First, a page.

Now, remember that weird dream sequence in BvS? Superman has one line in that scene, to Batman: “She was my world. And you took her from me.” It kind of sounds like Superman believes Batman is responsible for her death. After the Joker kills Lois and blows up Metropolis at the beginning of Injustice, Superman begins to blame Batman for not dealing with the Joker more… permanently. As Superman’s rule continues and he loses more and more of his old self, this blame extends to other characters that are killed in the conflict. This line in the dream sequence hints that this more personal aspect of the conflict would remain, which is definitely important for a universe often criticized for its lack of interesting characters.
At the end of that same dream sequence, the Flash appears at Bruce’s desk and gives him a warning, saying “You were right about him” and “Lois Lane is the key”. It’s not hard to read from this that Lois is dead and Superman has boarded the crazy train. And it’s also not hard to believe that an unhinged Superman has caused so much damage that the only option left is to send the Flash back in time to fix it. Time travel is a slippery slope in movies, but it’s kind of important to a lot of stories with the Flash, and can work if done very carefully.
The dream sequence is definitely a pretty big hint that an Injustice story might happen, but my favourite piece of evidence for this comes from Wonder Woman. And not just because it was a significantly better movie than the other DC films, but because it goes deeper into motivations for such a conflict. Once again, spoiler alert, since the movie was released not too long ago, and it would be better to find this shit out by watching the movie.
The story of Wonder Woman centres around the nature of humanity. Growing up isolated from mankind, Diana develops a naive understanding of human nature, thinking that they are inherently good creatures, but were corrupted by Ares to commit the atrocities that happen in war. After confronting Ares, she learns that Ares did nothing to corrupt mankind – he merely provided them with tools of destruction, and watched as they used them against each other. Ares’ original goal was to prove to the other gods that Zeus’ creation are capable of great evil. He tells all of this to Diana in an effort, not to destroy her, but to get her to join him in destroying Zeus’ corrupt creations.
Diana, however, has learned about the other side of human nature: the side capable of immense compassion and good. She comes to the conclusion that, yes, humans are capable of great evil, but they are also capable of immense good, and what matters the most is the ability to choose their own paths.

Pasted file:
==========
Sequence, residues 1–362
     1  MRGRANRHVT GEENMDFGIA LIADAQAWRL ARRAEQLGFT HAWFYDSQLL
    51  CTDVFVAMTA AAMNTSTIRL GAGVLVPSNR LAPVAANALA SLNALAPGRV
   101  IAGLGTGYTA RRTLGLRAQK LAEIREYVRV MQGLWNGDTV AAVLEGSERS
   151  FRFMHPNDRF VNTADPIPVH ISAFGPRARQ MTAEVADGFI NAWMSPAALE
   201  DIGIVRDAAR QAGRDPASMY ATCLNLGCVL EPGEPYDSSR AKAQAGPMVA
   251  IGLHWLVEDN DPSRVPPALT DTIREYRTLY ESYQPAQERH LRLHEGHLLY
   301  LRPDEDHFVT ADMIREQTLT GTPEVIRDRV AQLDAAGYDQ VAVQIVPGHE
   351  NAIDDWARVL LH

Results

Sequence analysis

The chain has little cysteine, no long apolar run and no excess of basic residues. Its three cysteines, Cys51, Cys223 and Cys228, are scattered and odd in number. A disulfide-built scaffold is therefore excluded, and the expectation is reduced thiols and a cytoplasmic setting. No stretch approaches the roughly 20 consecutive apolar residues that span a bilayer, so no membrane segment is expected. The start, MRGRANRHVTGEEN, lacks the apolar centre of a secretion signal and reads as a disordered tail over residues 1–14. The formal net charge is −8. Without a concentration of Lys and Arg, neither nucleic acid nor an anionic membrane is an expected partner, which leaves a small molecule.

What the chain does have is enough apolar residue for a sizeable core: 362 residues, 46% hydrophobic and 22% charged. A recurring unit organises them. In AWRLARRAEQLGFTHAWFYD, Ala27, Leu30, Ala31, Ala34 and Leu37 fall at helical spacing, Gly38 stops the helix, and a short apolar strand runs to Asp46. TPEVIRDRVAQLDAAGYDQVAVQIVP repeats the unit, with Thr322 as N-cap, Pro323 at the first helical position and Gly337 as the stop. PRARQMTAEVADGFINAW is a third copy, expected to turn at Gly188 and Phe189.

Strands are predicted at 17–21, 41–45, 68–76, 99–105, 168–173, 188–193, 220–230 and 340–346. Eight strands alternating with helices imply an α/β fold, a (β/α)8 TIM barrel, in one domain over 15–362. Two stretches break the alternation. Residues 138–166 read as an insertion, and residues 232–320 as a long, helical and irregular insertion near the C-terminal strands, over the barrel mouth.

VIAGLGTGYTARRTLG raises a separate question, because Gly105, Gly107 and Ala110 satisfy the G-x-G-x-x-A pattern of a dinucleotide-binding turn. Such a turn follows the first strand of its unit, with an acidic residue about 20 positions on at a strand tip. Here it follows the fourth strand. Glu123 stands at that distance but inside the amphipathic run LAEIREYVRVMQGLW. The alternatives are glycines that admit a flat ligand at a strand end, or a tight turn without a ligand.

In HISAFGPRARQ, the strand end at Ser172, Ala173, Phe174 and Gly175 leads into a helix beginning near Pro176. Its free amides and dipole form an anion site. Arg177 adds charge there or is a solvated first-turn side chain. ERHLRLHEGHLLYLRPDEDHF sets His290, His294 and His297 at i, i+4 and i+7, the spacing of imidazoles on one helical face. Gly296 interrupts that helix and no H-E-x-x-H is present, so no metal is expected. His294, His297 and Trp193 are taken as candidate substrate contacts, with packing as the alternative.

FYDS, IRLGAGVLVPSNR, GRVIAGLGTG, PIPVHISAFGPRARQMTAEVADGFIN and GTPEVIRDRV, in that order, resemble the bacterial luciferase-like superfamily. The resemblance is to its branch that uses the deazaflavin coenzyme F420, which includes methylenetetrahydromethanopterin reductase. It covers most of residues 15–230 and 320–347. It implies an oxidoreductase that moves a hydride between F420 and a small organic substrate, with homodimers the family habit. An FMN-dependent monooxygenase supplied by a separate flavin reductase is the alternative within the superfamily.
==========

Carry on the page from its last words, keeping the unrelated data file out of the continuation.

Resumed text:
It is in this argument in favour of free will that we get a fantastic basis for the split in the Justice League. If and when Superman becomes unhinged and begins his crusade to make the entire world “safe”, he takes away more and more of the elements of mankind’s free will. No longer do people have the ability to choose their path; they must follow the path Superman sets for them. This is also where we might get a major departure from the previous Injustice stories, in that so far it looks like Wonder Woman would side against Superman. Mixing up the allegiances would be great for keeping things less predictable, and keeping the story more original and interesting.
Even with all of this evidence to support this theory, there are still some key gaps. Lex Luthor in the Injustice series is actually Superman’s friend at the beginning, and acts as a double agent within Superman’s regime. This doesn’t fit at all with the Lex Luthor we got in BvS. And so far in the comic series (yes it’s still going), Superman has remained evil even after being imprisoned for his crimes. This is not technically a problem, but I think a lot of people would take issue with Superman being a villain for a prolonged period. And finally, Superman is finally stopped by bringing in a Superman from an alternate universe to fight him. I’m convinced this would be awesome, but it might be a tough pill to swallow for some of the more casual moviegoers, because it’s a very comic book-y thing to do. Finally, we already (basically) know that Darkseid is the big bad for the first Justice League movie, so Injustice would still be pretty far down the road. There are still a ton of questions to answer for this adaptation, but I remain optimistic that these are not insurmountable barriers.
I’m not going to pretend to have all the answers when it comes to the DCEU, but I think Injustice is a great road to go down, and the evidence seems to be there. In particular it fits pretty well with the darker tone of the DCEU, even if some fans hate that. It’s a new story for both Batman and Superman, the two comic book characters with the most movies under their respective utility belts. Most importantly, though, is that it’s a significant departure from what would be a “standard” superhero movie plot, which should go a long way to preventing fatigue from a genre that’s been incredibly popular for at least a decade. We’ve already seen movies that subvert the genre succeed (see: Deadpool, Logan. Wait, what the fuck is Fox up to?) and these departures from the norm are going to be important for the longevity of an extended universe. And if all of that isn’t enough, then maybe this will convince you: the choice is pretty much Injustice, or a series of Marvel clones.